"When I'm working with a different guy on every record, it puts me in a position where I have something to prove, and it brings the best performance out of me," Murs says. "I was looking forward to it, because he's worked with so many different people and styles. I knew we'd get something to make it work."

Murs says he usually writes songs by approaching the beat first, rather than beginning the recording process with a lot of lyrics in hand. That responsive style gives the songs an improvisational freshness, and whatever the sounds conjure in his mind is what the song is about.

"I've always been honest, with an open door into my music," he says. "I wanted to talk about different things, because I am traveling and exploring and want to incorporate different things into my work."

Love and Rockets features odes to love and marriage ("I found my love in the 520"), the flourishing era of West Coast hip hop he loved growing up, international travelogues and the independent spirit in hip hop that he sees as stronger than ever. "67 Cutlass" is a what-if inspired by too many run-ins with police, and "Animal Style" is the tale of two gay high school kids fighting discrimination. A more-accepting society would prevent the story's tragic end.

"I have friends and family who are leading quote-unquote alternative lifestyles, and I can't ask them to come out, but I can be an advocate for gay people, gay teens, and give them someone to talk to," Murs says. "I just hope I'm doing my part to create a more-understanding environment in hip hop. Marriage rights or whatever, we can argue, but people have the right to exist and love who they want to love without being persecuted."

It's yet another atypical rap from Murs, who's worked for 15 years to make his name by following his own path. After his early days of hustling tapes in Oakland, Murs earned accolades through prolific collaborations as a member of the Living Legends crew, with Slug (of Atmosphere) and North Carolina producer 9th Wonder.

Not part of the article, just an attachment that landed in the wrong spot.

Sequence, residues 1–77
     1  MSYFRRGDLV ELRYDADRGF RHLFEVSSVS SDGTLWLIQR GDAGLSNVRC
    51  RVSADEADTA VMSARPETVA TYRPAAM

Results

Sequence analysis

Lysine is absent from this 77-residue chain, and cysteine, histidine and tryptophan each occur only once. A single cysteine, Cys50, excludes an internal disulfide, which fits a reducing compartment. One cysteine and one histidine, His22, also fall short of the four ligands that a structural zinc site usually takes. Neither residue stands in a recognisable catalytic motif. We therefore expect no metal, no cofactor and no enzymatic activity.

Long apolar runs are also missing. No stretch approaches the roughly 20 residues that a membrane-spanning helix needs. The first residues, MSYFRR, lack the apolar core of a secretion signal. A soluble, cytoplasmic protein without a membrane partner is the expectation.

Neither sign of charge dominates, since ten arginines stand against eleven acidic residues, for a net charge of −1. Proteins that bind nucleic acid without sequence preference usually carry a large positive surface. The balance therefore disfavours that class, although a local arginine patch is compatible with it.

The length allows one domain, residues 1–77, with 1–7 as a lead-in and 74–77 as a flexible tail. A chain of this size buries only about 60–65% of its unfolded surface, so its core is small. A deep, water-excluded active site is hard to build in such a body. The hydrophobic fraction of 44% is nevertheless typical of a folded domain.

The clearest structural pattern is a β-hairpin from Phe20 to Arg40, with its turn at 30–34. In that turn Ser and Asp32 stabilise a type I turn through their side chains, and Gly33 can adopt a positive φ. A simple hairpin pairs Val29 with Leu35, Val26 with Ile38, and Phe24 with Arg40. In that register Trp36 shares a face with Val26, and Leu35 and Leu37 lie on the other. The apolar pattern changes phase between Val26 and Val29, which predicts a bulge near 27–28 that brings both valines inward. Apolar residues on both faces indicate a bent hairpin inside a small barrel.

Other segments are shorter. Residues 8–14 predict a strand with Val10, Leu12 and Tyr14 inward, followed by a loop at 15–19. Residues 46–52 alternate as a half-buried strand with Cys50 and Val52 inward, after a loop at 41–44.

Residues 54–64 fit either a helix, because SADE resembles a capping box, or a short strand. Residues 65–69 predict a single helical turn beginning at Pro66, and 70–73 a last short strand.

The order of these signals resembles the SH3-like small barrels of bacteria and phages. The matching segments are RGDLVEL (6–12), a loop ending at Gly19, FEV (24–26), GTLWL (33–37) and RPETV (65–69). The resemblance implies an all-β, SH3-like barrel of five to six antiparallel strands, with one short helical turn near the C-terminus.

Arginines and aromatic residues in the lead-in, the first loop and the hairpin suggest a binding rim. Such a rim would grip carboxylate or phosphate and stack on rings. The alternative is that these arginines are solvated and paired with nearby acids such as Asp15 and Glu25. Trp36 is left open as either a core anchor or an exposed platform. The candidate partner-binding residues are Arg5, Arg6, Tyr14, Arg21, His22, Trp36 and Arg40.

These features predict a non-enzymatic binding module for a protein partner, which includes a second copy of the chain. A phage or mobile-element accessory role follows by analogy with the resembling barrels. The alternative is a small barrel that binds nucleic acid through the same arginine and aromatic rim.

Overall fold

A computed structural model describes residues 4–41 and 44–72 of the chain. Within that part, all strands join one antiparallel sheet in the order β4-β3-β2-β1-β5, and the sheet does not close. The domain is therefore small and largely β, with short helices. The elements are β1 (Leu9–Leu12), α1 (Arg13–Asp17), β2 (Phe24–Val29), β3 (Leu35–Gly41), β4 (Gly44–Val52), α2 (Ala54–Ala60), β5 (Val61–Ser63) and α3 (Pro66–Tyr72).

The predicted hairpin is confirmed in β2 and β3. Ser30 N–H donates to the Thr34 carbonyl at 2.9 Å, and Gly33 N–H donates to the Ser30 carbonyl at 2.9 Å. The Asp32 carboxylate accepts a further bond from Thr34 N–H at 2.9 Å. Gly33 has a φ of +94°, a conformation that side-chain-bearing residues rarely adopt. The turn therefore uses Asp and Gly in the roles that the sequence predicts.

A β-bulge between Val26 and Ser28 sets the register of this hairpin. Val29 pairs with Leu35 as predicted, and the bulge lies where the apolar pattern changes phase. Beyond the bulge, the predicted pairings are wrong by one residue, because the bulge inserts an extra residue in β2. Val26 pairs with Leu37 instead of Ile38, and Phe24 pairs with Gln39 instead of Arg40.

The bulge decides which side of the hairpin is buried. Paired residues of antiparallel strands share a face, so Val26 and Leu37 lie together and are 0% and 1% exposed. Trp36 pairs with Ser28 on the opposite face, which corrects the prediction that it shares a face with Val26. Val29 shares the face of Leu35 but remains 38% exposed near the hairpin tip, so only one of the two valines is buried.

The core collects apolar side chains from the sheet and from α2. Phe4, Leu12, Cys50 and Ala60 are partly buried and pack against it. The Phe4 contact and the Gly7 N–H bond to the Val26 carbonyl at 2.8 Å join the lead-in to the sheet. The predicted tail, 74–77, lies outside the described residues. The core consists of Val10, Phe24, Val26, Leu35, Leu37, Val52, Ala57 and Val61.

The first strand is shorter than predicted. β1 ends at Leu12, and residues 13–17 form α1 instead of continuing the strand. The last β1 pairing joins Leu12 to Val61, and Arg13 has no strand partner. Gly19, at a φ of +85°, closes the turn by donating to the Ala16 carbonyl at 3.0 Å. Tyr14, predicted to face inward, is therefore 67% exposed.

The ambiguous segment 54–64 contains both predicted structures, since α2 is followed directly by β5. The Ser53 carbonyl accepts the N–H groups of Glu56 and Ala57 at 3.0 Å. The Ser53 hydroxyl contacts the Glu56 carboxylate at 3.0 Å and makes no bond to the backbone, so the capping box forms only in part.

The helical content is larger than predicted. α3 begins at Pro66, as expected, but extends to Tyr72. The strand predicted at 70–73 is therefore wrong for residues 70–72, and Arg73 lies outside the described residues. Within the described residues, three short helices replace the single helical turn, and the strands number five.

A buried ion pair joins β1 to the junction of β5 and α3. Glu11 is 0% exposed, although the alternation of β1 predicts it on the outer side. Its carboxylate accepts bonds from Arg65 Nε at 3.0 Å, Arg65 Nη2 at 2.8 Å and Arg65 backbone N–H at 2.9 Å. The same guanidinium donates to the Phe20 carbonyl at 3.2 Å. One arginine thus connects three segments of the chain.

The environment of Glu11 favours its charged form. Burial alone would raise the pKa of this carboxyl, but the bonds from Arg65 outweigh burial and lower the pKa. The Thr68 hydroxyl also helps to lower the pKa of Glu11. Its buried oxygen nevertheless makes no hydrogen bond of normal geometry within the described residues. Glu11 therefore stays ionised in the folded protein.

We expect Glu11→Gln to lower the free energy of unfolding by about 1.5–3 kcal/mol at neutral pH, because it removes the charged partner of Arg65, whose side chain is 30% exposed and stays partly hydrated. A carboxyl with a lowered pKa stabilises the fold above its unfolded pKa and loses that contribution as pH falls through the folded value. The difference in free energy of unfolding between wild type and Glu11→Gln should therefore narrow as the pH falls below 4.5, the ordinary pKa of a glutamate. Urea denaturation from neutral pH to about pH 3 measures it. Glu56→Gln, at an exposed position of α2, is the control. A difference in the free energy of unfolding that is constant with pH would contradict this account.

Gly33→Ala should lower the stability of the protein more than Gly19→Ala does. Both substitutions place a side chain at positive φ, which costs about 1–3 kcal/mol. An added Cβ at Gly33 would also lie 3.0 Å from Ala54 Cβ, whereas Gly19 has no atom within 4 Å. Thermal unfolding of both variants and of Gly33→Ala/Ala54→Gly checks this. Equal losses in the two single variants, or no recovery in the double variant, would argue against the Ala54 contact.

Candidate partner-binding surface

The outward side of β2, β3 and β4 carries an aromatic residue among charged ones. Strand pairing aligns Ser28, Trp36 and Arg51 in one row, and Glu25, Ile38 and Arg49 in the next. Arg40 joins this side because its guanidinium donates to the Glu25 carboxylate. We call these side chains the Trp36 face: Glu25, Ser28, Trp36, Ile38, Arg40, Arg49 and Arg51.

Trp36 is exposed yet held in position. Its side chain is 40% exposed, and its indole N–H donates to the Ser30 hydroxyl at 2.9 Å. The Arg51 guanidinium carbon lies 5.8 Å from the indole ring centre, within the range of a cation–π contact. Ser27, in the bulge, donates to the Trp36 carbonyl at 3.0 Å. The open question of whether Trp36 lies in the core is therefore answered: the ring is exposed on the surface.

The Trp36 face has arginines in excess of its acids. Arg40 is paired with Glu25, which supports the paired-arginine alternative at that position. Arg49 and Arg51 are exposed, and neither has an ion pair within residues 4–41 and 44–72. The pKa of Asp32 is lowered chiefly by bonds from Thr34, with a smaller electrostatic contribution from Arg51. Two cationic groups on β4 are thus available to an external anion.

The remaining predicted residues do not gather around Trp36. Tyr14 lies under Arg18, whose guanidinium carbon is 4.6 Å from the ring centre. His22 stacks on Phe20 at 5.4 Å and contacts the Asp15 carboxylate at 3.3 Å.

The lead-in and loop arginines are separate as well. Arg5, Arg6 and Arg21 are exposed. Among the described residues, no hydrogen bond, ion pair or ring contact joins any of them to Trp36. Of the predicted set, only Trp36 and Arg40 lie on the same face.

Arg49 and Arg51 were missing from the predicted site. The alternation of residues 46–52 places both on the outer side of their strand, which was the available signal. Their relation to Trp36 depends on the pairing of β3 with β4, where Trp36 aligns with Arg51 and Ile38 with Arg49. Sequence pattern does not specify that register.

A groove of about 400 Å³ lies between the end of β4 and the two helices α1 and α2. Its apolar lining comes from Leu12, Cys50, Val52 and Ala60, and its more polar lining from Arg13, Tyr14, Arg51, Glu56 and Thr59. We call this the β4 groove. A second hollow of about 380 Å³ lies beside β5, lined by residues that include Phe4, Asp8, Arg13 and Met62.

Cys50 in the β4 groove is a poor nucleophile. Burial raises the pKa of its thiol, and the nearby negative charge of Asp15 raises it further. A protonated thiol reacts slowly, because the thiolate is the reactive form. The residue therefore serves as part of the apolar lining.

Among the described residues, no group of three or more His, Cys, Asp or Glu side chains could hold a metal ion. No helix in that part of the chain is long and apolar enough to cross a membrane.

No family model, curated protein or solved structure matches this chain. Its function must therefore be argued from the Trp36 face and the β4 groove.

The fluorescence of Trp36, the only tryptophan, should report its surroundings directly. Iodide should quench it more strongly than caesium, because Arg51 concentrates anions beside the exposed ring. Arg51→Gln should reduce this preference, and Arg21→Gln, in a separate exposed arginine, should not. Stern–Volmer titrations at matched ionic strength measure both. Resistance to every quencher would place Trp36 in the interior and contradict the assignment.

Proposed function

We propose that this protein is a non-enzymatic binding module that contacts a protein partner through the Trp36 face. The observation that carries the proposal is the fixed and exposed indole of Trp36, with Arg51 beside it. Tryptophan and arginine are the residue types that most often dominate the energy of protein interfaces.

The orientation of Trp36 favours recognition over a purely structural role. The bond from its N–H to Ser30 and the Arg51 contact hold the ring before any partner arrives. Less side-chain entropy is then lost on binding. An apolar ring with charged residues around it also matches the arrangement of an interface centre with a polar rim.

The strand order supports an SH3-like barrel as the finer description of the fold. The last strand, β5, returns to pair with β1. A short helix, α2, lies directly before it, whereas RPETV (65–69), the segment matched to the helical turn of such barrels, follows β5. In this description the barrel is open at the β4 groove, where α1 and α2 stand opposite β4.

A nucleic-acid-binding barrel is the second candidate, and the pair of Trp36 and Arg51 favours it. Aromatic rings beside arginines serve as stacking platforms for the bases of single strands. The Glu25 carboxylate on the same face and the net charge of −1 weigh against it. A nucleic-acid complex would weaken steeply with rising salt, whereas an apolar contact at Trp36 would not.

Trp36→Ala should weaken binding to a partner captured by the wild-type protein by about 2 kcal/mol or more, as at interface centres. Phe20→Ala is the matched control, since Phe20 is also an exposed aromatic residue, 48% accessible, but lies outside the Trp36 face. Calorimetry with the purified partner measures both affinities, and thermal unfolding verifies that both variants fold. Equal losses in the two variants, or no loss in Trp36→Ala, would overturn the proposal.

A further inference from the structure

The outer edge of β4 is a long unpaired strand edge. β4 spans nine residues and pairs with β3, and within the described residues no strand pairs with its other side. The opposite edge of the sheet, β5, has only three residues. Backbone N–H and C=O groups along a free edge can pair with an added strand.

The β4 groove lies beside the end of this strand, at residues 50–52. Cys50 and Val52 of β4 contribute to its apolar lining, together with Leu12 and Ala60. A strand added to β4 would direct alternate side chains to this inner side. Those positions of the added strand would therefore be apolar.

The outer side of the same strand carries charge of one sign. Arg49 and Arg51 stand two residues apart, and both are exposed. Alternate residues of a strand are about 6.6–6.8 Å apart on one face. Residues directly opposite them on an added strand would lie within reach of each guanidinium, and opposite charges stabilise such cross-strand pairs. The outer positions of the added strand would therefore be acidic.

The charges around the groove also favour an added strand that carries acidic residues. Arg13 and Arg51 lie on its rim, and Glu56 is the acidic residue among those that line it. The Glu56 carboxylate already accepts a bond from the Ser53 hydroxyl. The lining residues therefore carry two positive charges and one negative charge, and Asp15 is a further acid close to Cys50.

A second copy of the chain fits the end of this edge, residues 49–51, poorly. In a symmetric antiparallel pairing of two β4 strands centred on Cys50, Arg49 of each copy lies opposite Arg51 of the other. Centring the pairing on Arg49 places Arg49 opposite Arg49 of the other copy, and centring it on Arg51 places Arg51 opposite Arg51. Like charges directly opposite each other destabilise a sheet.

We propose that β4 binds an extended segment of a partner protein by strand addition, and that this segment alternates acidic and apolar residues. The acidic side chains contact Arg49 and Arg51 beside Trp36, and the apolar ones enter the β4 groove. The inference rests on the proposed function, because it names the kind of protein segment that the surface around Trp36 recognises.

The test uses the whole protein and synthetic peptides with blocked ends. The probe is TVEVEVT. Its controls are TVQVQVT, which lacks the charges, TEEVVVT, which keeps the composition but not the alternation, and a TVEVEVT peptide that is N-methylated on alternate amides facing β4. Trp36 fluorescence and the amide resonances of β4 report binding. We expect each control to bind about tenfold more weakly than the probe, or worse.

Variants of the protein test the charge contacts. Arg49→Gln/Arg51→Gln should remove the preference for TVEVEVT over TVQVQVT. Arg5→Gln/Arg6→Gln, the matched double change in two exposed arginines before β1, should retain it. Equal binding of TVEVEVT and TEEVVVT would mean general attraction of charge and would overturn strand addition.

After racing around the country on the Hip Hop and Love Tour, Murs plans to get back to his Love and Rockets concept, with two more volumes planned. Years of hard work and underground success have brought him artistic freedom as well as fans, and Murs says he appreciates that technology has made it easier than ever to reach out.

"Music is in a good place now. The artists are finally in control of their own destiny. That's exciting to me, because that's what I've been preaching for years."

Published Nov. 24, 2011 in the Tucson Weekly.

Review: Dum Dum Girls - Only In Dreams

The first thing to notice about Dum Dum Girls is the attitude—that audacious, flirtatious cool, with their don't-follow-the-rules posturing. Debut album I Will Be was a musical exploration of that attitude, marking Dum Dum Girls as a fresh and intriguing buzz band.

Only in Dreams takes that attitude and runs with it—in a few different directions. The band still brings a refreshing punk rawness and hazy reverb to melodic retro-pop, but there's a bit more exploration this time out.

Added to the batch of influences found on the debut—chiefly the Shangri-Las and the Ramones—are Mazzy Star and the Pretenders, shoring up what were some weaker areas of the band's sound.

With its blend of bubblegum pop and waves of guitar reverb, "Bedroom Eyes" sounds like it could soundtrack a John Hughes movie—bittersweet music for when words won't quite capture it.